Protecting Public Lands
The Oregon Coast represents the largest regional sanctuary in the lower 48 for wild fish. Wild Salmon Center is strengthening this great collection of stronghold rivers from headwaters to sea in order to recover Oregon Coast coho populations and eventually remove them from the federal endangered species list. We work with public, private, and nonprofit partners to protect headwaters forests, conserve lowland streams and wetlands, and reduce competition between hatchery fish and wild fish.
Safeguarding Tillamook headwaters
The Tillamook and Clatsop State Forests cover 518,000 acres of temperate rain forests and free-flowing rivers between greater Portland and the Pacific Ocean. Six rivers here—the Trask, Wilson, Kilchis, Miami, Nehalem, and Salmonberry—host extraordinary runs of wild fall Chinook and winter steelhead, as well as spring Chinook, coho, chum, and rainbow and sea-run cutthroat trout.
To balance conservation and logging, Wild Salmon Center and our local partners, the Oregon Forest Conservation Coalition, have so far secured 140,000 acres in the Tillamook and Clatsop State Forests for wildlife, streams, and unique, threatened plants.
Designating the Scenic Nehalem
Nestled in the Tillamook and Clatsop state forests is the Nehalem River, an Oregon North Coast gem that meanders from cold mountain streams to coastal estuary. The watershed includes important tributaries for salmon like the Salmonberry River. The watershed and its forests provide key habitat for wildlife — including endangered marbled murrelets, and provide a cherished destination for Oregonians who hike, fish, camp, and float its clear waters.
The Oregon Parks and Recreation Department is considering the designation of a 17.5 mile stretch of the Nehalem River as a State Scenic Waterway, allowing the state to reserve the stretch for its scenic, habitat and recreational values that Oregonians hold dear. Learn more about how you can help out our Scenic Nehalem campaign.
A plan for recovering coho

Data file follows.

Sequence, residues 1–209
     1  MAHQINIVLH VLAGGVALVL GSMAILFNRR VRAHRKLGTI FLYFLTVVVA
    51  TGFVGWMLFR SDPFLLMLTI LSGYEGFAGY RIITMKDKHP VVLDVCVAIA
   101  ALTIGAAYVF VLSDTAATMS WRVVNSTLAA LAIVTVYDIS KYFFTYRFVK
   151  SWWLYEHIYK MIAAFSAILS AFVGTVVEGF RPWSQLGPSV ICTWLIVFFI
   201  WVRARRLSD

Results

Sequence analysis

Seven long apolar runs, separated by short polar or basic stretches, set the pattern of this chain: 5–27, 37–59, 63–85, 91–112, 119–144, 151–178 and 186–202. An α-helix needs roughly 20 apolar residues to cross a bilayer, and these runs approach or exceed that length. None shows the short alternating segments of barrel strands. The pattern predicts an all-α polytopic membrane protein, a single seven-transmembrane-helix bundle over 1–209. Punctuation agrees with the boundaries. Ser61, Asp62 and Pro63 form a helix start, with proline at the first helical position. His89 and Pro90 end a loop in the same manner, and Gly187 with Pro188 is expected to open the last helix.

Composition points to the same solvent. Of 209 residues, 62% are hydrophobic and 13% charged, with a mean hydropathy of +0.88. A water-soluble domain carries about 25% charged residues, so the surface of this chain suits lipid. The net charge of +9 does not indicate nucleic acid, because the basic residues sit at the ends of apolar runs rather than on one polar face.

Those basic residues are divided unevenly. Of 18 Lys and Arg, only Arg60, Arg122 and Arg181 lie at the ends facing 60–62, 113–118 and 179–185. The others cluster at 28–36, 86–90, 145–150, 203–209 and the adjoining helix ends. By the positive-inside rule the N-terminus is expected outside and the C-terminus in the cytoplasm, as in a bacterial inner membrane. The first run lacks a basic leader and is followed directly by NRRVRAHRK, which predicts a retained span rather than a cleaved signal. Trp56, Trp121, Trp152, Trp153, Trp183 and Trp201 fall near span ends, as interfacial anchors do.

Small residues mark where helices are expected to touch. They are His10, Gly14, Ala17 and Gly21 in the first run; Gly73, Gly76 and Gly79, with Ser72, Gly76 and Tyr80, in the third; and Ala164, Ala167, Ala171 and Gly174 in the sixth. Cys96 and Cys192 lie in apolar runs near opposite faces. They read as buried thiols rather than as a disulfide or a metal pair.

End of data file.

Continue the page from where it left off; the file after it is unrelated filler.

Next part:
Wild Salmon Center has partnered with the Oregon Watershed Enhancement Board, Oregon Department of Fish and Wildlife, National Marine Fisheries Service, NOAA Restoration Center, and National Fish and Wildlife Foundation to build a business plan for the conservation of Oregon Coast coho. The plan for voluntary habitat protection and restoration projects, developed with local communities, will help recover threatened and endangered populations of coho.
Starting in the Siuslaw, Nehalem, and Elk watersheds, we’ve begun to pinpoint priority restoration actions using the best science and mapping tools—to make sure projects generate the greatest possible benefit for every project dollar spent. Partners also now have a long-term, science-based plan for coho recovery.
The summer of 2018 marked the launch of coho recovery in action with 27 foothold structures for beavers (or Beaver Dam Analogs) built on four priority reaches of the headwaters of the Upper Nehalem river.
Keeping the Elliott State Forest public
The Elliott State Forest near Coos Bay is a coastal treasure consisting of 82,500 acres of public land that includes rare remnant old growth and critical habitat for Oregon coastal coho salmon. Unfortunately, the forest was at risk of being sold to a private logging company. Privatization would cut off access for local anglers and hunters—the Elliott is some of the last accessible land in the area—and could harm fish habitat.
Governor Brown has a vision for these lands that would keep the forest publicly owned and publicly accessible. Her framework includes protection for rare habitat and water quality, a sustainable timber program, and a tribal ownership element. Oregonians should support this vision.
We rallied a coalition of hunters and fishers to speak up in favor of keeping the Elliott public, so that it’s diverse coastal forests could continue to support elk hunting and key spawning grounds habitat for Oregon coast coho salmon. The State Land Board responded by unanimously cancelling the sale of the Elliott.
As the state re-envisions the Elliott for the future, Wild Salmon Center in partnership with the Oregon Association, is providing critical input to the state. We will make sure the Elliott evolves into a thriving forest with a strong emphasis on both recreation and conservation.
Creating coastal sanctuaries for wild fish
Wild Salmon Center believes hatcheries play an important role producing salmon for recreational and commercial harvest. But to protect diverse runs of wild fish, we should prevent the spread of hatcheries into rivers that support important wild salmon populations.
On the Oregon Coast, a series of rivers north of the Rogue River stretching up to the Columbia remain free of hatchery fish. WSC supported the Oregon Department of Fish and Wildlife in establishing “Wild Fish Emphasis Areas” on roughly half of the watersheds between the Rogue River and Columbia. The state has committed to keep these watersheds “hatchery free” for 12 years.
In the coastal watersheds where hatchery programs remain, Oregon is also reducing hatchery releases and changing hatchery release locations and timing to avoid overlap with wild salmon migrations.